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EVGA ACX GTX 770 vs EVGA 780 vs SLI (both)

Last response: in Graphics & Displays
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July 29, 2013 11:37:48 AM

Hi everyone,

I'm looking at a custom PC build, and wanted to get a few opinions before dropping up to about $4,000. I've been saving up, so I'm willing to spend for performance, but I want to make sure I pick the right upgrades. All I'm interested in is gaming.

This is a config I've been playing with:

•CPU: Intel® Core™ i7-3930K Six-Core 3.20 GHz 12MB Intel Smart Cache LGA2011 (All Venom OC Certified) [+336]
•HDD: 240GB Corsair Force GS Series SATA-III 6.0Gb/s SSD - 555MB/s Read & 525MB/s Write [+158] (Single Drive)
•MEMORY: 16GB (4GBx4) DDR3/2133MHz Quad Channel Memory [+64] (Corsair Vengeance [+29])
•MOTHERBOARD: (3-Way SLI/CrossFireX Support) ASUS P9X79 Pro Intel X79 Chipset Quad Channel DDR3 ATX w/ BT GO, SSD Caching, 7.1 HD Audio, Intel GbLAN, 4 Gen3 PCIe x16 & 2 PCIe x1 [+191]
•SOUND: HIGH DEFINITION ON-BOARD 7.1 AUDIO
•VIDEO: NVIDIA GeForce GTX 770 2GB 16X PCIe 3.0 Video Card [+256] (EVGA Superclocked ACX Cooling)
•VIDEO2: NVIDIA GeForce GTX 770 2GB 16X PCIe 3.0 Video Card [+484] (EVGA Superclocked ACX Cooling)

Thoughts?

Is going from 16GB of RAM to 32 GB Overkill?

Is a single GTX 780, or EVGA ACX 770's in SLI better. Or are dual 780's worth it.

I don't want anything to be upgraded to the point where most of the components are obsolete before it matters.

I'm just not all that educated on what's really worth the $.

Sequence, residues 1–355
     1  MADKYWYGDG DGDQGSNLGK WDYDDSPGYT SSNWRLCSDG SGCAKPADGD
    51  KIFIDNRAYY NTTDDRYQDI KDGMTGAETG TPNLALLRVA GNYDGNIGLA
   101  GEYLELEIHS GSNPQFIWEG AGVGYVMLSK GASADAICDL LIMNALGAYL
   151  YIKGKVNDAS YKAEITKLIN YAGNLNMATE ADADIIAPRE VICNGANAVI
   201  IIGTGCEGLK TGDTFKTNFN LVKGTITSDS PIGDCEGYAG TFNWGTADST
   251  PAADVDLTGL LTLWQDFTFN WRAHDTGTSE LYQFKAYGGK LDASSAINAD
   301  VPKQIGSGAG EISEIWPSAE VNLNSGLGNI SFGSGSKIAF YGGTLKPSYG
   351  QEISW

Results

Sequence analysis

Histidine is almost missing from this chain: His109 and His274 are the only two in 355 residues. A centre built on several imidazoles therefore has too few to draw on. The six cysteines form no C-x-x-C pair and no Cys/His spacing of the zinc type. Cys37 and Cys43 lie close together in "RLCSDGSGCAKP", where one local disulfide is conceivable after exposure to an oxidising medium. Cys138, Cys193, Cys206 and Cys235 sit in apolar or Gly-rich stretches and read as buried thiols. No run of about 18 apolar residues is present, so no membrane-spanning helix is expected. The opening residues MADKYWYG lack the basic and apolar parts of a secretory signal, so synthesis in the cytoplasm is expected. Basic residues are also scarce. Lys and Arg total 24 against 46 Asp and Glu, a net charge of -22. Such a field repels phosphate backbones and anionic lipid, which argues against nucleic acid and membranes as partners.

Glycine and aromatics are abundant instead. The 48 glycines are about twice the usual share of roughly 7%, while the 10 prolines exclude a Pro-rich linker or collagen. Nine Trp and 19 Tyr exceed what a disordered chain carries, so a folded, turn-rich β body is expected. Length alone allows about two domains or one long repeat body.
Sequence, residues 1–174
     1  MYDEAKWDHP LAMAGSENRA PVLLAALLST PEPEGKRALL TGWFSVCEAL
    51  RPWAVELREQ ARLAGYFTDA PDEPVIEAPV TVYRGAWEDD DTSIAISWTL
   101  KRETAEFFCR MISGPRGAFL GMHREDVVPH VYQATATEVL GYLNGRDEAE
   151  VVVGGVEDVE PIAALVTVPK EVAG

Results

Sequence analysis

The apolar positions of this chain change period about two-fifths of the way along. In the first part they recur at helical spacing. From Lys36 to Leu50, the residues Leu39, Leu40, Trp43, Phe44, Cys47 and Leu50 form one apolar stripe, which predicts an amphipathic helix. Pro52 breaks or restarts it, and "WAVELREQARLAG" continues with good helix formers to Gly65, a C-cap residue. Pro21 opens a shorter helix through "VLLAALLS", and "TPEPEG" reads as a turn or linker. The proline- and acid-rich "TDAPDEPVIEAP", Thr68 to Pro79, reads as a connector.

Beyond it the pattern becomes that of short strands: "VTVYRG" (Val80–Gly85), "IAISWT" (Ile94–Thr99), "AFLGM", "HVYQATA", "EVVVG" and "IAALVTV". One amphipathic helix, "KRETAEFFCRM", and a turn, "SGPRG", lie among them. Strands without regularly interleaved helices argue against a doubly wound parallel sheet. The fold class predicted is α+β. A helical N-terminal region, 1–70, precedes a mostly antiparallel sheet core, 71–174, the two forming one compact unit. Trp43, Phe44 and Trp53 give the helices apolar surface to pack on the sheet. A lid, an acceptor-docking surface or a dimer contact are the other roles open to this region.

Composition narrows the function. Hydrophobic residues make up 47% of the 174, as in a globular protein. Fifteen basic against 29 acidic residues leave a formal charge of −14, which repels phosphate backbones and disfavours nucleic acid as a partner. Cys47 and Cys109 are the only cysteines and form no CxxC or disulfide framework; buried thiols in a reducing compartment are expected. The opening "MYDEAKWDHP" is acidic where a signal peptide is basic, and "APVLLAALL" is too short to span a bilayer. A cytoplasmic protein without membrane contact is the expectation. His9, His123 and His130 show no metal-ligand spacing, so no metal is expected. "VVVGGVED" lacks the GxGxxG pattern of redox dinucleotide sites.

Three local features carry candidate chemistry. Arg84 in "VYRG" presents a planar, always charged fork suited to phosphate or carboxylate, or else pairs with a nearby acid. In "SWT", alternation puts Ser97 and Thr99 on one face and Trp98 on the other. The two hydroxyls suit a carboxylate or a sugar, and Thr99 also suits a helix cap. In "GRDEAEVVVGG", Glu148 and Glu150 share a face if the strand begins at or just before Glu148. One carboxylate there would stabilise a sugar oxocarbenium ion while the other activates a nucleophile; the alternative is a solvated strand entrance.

Also, between CyberPower and Stealth Machines...preferences?

Seems like CP is a good 10-20% cheaper, but I don't want to run into unnecessary issues.

Thanks for the input!

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July 29, 2013 12:50:02 PM
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First off I would go for 4GB cards over 2GB. Second, unless you are running triple monitors at 1440 res I really don't see a point to getting dual cards. If I were you I would just go with a Gigabyte 770 wind force 4gb card. It will give you tons of power and it's at a decent price.


Now if you are doing graphics rendering and other professional tasks like that go with the 780 since it is 8% faster that will factor down your rendering time by a decent amount.

Just my thoughts
July 29, 2013 12:57:31 PM

what country are you located in? $4000 is stupid on a gaming machine. you'll hit major diminishing returns. far better to have one $2000 computer now and buy/build another $2000 computer in 3 years.

for one the 3930 is not going to give you any benifits over a i5 3750. what resolution are you going to play at? one monitor? just games, or video-editing too?
July 29, 2013 1:12:10 PM

The most basic things to ask yourself when building a pc:

What games?
What resolution?
What refresh rate?
Doing video/photo editing or design work?

Spending $4000 on a gaming machine that will play games at 1080p 60Hz won't do you any more good than spending $1200. Simply because you're limited by the display you have and the games you play.
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